Cinnamon Sticks


Title Page of "Beschreibung der Ostindischen Kusten Malabar und Coromandel"

Titelblatt_Baldaeus - Copy.jpg

Detail image of the cinnamon quills.

Compared to many other spices and ingredients that became prevalent in international trade around the 16th to 18th centuries, cinnamon, also referred to as cassia, is much older.  It had been known to Mediterranean and later European cultures since as early as 600 B.C as it appears in the poetry of Sapphos and in parts of the Bible.[1]  The spice was used for a variety of purposes, from food seasoning to fragrance in pyres or anointing oils to medicine.  For instance, cinnamon is listed as one of the spices to be mixed into an oil Moses is ordered by God to use to anoint the ark and the temple[2] but is also referenced as a major ingredient in a poison antidote made for Marcus Aurelius by the Roman imperial physician Galen.[3]

As time went on the spice took on a more decidedly culinary use in Medieval Europe.[4] Though cinnamon was known to Western cultures, its origin remained a mystery for many years as the trade of it was tightly controlled by Arab traders who obscured its source with myth and legend as reported by Herodotus.[5]  With expanded exploration in the Early Modern period, the cinnamon-rich island of Sri Lanka (also known as Ceylon) was found by the Portuguese in the 16th century who used it to create a monopoly of the cinnamon trade.  However, the Dutch eventually aided the indigenous Kandy kingship in expelling the Portuguese in the 1658, resulting in total Dutch control over the Sri Lankan cinnamon until the British took control in 1796.[6]

It is within this period of Dutch control when the image above is printed in 1672.  This is an engraving from the title page of the Dutch minister Phillipus Baldaeus's book Beschreibung der Ostindischen Kusten Malabar und Coromandel" (Description of the East Indian Countries of Malabar, Coromandel, Ceylon, etc.).  This book, a sort of travel log detailing the geography, peoples, and culture of Sri Lanka, became rather popular in Europe and was one of the earliest European accounts of Indian culture.[7]  The engraving, depicting the exotic wealth and peoples of the region, contains a particularly enlightening depiction of bundled cinnamon quills (shown in the detail image).  The animals and objects leave no doubt to the region being depicted as the south Indian coast, as native creatures like jaguars or the small-eared Asian elephant are depicted.  Especially significant is the fact that the elephant is being ridden, which definitively places it as an Asian elephant since those had been domesticated and used as transport as early as the Harappan civilization.[8]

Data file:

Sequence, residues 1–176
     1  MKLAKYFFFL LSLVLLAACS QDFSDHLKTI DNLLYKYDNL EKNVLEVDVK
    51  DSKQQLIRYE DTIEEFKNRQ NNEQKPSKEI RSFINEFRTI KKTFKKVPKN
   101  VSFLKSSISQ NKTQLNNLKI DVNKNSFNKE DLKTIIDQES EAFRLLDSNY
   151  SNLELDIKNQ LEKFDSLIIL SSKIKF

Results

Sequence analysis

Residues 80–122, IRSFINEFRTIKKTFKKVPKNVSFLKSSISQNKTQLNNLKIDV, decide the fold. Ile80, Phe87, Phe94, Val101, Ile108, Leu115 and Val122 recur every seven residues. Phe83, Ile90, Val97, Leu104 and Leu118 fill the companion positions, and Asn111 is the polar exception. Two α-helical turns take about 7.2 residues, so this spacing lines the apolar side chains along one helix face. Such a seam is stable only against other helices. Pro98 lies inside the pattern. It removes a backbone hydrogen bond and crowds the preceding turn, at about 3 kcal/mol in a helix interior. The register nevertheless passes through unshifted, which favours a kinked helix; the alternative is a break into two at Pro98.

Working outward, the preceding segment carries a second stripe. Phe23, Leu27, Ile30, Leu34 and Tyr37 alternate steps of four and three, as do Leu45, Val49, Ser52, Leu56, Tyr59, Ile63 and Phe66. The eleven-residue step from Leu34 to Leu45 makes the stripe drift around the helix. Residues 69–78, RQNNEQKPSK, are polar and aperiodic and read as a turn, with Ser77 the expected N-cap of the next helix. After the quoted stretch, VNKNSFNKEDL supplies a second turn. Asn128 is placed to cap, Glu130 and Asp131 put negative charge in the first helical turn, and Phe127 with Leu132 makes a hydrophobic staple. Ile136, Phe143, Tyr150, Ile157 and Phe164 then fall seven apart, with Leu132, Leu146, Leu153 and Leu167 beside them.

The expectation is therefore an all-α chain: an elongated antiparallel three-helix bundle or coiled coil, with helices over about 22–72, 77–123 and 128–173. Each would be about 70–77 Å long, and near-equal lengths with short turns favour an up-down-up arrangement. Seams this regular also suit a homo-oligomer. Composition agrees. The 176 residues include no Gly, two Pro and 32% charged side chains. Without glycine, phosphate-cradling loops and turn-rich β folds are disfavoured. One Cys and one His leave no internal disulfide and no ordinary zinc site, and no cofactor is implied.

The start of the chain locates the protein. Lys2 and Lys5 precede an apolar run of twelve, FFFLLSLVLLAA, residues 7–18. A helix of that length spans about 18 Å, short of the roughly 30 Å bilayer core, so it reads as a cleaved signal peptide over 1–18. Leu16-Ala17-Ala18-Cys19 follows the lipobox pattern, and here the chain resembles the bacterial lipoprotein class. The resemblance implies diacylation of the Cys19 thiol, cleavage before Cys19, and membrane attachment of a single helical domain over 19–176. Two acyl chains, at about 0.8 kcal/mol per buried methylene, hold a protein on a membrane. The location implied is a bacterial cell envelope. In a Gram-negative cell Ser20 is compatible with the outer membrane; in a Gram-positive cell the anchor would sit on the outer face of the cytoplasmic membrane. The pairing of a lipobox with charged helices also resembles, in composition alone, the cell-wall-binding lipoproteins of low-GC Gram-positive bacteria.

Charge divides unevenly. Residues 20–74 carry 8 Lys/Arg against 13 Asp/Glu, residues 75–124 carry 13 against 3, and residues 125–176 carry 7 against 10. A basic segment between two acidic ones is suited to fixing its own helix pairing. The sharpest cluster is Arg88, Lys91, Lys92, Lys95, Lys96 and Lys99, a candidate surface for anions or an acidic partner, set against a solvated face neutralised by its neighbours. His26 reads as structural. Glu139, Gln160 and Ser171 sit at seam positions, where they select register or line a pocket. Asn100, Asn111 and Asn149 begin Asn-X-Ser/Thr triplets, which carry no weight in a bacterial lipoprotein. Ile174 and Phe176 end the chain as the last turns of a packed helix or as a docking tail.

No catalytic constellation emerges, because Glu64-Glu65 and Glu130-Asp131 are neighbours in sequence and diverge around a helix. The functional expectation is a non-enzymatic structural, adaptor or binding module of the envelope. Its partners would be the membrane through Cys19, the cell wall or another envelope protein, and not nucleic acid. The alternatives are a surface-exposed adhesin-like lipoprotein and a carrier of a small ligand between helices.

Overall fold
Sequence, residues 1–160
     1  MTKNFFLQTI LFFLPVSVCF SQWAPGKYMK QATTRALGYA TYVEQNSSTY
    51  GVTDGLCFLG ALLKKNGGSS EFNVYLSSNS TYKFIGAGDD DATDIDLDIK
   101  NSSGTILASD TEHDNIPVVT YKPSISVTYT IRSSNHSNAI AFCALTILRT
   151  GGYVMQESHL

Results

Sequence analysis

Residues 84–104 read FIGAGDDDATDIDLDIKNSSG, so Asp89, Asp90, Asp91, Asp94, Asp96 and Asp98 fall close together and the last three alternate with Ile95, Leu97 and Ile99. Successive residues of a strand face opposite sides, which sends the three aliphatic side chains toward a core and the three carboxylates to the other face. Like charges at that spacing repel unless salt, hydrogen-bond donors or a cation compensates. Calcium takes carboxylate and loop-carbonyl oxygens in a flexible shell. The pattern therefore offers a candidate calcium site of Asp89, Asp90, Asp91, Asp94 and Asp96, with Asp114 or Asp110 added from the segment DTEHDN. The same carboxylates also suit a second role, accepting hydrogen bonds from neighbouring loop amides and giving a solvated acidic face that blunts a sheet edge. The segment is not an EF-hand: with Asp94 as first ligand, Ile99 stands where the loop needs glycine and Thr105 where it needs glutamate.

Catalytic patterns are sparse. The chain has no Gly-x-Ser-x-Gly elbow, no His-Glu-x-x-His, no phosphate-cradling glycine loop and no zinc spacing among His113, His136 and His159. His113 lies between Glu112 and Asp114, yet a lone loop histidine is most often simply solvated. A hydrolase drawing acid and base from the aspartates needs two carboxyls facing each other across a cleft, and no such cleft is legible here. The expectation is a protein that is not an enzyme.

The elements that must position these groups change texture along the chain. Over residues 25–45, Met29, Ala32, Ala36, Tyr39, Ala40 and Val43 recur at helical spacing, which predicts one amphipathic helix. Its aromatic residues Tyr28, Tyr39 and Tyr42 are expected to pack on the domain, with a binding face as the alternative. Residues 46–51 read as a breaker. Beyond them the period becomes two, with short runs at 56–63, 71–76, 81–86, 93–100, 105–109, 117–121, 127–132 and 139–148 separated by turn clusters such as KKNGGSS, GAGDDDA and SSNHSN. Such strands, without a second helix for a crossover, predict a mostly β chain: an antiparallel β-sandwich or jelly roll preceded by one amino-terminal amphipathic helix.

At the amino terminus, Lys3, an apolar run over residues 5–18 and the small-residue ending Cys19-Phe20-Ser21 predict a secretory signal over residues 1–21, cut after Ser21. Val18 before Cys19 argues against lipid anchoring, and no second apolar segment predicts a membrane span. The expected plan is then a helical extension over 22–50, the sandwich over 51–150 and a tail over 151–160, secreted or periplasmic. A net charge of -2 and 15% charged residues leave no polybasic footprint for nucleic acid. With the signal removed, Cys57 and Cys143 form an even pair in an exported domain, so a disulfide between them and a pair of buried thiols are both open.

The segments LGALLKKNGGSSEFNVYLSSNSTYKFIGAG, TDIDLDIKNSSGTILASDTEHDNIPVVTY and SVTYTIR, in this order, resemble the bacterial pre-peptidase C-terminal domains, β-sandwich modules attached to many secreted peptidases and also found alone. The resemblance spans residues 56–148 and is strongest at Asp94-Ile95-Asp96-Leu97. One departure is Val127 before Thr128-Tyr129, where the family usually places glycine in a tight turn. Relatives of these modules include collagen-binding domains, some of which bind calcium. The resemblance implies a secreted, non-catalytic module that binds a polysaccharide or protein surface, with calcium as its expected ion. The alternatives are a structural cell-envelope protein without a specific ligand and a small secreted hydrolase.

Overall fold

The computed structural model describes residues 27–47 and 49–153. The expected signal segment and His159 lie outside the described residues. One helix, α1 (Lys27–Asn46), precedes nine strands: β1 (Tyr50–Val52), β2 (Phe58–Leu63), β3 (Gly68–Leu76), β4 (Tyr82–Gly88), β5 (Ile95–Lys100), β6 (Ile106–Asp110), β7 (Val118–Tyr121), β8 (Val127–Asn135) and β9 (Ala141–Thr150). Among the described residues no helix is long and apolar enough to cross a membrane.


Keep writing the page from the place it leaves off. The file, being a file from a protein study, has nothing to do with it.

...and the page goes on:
Before delving into this image, it is perhaps best to go into how cinnamon quills are produced.  Cinnamon is made from the inner bark of the cinnamon tree, which is a type of laurel.  After the rainy seasons, when the bark is softest, branches are stripped of their outer bark, revealing the inner layer.  This is separated and then layered on top of other strips of inner bark to form long quills.  These quills are then left to dry in the sunlight and form the yellow-reddish-brown sticks with curled edges that are familiar to us.[9]